August 2016, Vol. 5, No. 6

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The President and Personalized Medicine

Edward Abrahams, PhD

The Last Word

abrahams-Stroke“As science and technology have advanced,” President Obama wrote in an op-ed he titled ‘Medicine’s Next Step’ in the Boston Globe for July 7, “it’s become possible to make it personalized as well, giving us the tools to better understand, prevent, and treat everyone’s individual health needs.”

No one has laid out a clearer vision for personalized medicine. Praising progress already made with targeted therapies in leukemia, breast cancer, cardiology, and cystic fibrosis, the president anticipates a future in which precision medicine—knowing in advance what works and for whom it works—replaces one-size-fits-all/trial-and-error medicine, allowing us, in his words, to “keep ourselves, our families, and our nation healthier for generations to come.”

As the author of the Genomics and Personalized Medicine Act, a bill he introduced in 2007 and which would have sought to create a friendlier landscape for the development of personalized medicine, his is not a late entry to the field. The president understands that, in addition to research, public policy makes a difference. Whereas the Affordable Care Act eclipsed attention devoted to personalized medicine, President Obama never lost sight of its ability to transform patient care and find cures to unmet medical needs. As his presidency nears its conclusion, he wants to define his legacy in healthcare, writing that after extending insurance to 20 million Americans, “we’re working to ensure more people will also have access to the information that makes their healthcare more effective.”

In addition to publishing his op-ed, on July 7 the Obama administration also announced 3 steps to provide the foundation for his Precision Medicine Initiative (PMI). Those steps include $55 million in National Institutes of Health funding to recruit 1 million research participants into the PMI Cohort Program; a proposal to “streamline” the FDA’s oversight of next-generation sequencing; and the development of tools and technology to make data accessible to researchers and patients.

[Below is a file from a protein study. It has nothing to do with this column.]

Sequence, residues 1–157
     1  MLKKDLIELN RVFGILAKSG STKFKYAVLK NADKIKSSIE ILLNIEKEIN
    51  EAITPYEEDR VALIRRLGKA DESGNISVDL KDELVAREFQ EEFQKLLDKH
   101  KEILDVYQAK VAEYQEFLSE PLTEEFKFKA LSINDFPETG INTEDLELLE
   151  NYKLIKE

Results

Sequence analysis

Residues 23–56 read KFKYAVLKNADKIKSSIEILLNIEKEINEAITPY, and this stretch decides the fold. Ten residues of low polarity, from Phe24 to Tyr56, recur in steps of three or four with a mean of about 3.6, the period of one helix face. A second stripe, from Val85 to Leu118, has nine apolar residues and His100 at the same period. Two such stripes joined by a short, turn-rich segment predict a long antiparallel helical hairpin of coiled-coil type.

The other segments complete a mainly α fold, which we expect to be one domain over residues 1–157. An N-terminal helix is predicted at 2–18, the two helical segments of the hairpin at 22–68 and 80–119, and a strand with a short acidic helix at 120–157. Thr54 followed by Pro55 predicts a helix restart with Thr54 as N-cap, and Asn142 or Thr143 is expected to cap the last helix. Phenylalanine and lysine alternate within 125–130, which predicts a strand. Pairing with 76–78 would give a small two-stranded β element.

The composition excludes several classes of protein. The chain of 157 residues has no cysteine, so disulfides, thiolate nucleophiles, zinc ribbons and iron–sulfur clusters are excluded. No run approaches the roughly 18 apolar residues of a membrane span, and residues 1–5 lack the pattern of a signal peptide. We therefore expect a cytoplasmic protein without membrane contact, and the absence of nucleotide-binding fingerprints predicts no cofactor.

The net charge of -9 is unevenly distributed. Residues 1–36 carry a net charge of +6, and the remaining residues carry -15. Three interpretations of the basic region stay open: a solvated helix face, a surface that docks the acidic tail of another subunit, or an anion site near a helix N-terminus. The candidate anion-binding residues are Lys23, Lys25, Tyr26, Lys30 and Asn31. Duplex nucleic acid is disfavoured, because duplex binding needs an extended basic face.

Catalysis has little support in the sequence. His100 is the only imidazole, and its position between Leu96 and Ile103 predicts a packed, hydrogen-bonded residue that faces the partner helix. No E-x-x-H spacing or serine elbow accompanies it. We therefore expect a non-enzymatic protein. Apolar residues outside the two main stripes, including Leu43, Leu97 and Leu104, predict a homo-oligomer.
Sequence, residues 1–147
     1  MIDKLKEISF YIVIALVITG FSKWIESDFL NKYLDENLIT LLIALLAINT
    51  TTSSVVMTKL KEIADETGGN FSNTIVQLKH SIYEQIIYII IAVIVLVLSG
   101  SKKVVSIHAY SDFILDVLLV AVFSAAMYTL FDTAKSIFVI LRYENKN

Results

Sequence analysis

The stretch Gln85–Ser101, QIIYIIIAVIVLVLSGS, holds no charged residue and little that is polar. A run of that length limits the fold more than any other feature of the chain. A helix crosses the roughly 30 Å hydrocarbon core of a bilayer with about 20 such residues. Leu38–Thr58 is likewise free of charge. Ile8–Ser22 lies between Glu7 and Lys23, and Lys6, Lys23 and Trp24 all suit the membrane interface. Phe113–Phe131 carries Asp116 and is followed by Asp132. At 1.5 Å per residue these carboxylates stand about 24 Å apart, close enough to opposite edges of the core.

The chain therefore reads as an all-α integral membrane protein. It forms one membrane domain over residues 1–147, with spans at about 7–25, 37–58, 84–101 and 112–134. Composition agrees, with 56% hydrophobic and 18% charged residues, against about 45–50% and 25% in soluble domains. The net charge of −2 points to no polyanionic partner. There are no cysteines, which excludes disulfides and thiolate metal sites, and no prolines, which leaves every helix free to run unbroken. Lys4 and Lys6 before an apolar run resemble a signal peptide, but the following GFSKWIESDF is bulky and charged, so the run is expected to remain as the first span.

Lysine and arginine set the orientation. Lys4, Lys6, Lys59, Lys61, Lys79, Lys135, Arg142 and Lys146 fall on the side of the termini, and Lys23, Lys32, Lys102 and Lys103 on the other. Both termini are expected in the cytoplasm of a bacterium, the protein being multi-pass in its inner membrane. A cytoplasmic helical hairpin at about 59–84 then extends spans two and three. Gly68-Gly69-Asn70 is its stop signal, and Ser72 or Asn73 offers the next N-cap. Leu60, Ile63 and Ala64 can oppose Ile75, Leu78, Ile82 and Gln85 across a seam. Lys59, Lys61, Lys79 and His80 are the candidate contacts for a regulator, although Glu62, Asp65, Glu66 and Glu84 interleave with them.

These measures—building a cohort for future research and preparing the FDA to evaluate new technologies to analyze data—while necessary and important, are nonetheless insufficient. If President Obama is serious about introducing a new order of medicine, a daunting exercise to say the least, he needs to organize all of the government’s resources to support his vision.

He should focus on 3 areas of ongoing concern that, paradoxically, require little new financial investment, although they do require considerable political capital. The administration should, first, incentivize investment in personalized medicine diagnostics by creating a transparent, stable, and predictable regulatory environment for personalized medicine products that is flexible enough to respond to emerging science and opportunities to improve patient care. As part of that effort, the FDA, along with Congress, should work with all stakeholders to fashion a workable solution to the regulation of laboratory-developed tests that fosters innovation and ensures accuracy and reliability. Second, he should instruct the Centers for Medicare & Medicaid Services, while moving away from the traditional fee-for-service model, to support—that is, pay for—innovative diagnostics and therapies that facilitate his vision for customizing care. If recent proposals, including several that would cut payments for sophisticated diagnostics and put in place crude health technology assessment tools that eschew an appreciation of individual variation, are any indication, the administration is moving in the wrong direction and thereby chilling investment in discovery and innovation, the exact opposite of where it says it wants to go. And, third, and perhaps most importantly, the administration should encourage public-private partnerships that demonstrate the value of personalized medicine to both patients and the health system.

Until we disarm the skeptics by demonstrating conclusively that one-size-fits-all medicine is outdated and put in place policies that truly support “medicine’s next step,” progress will be much slower than he and patients hope.

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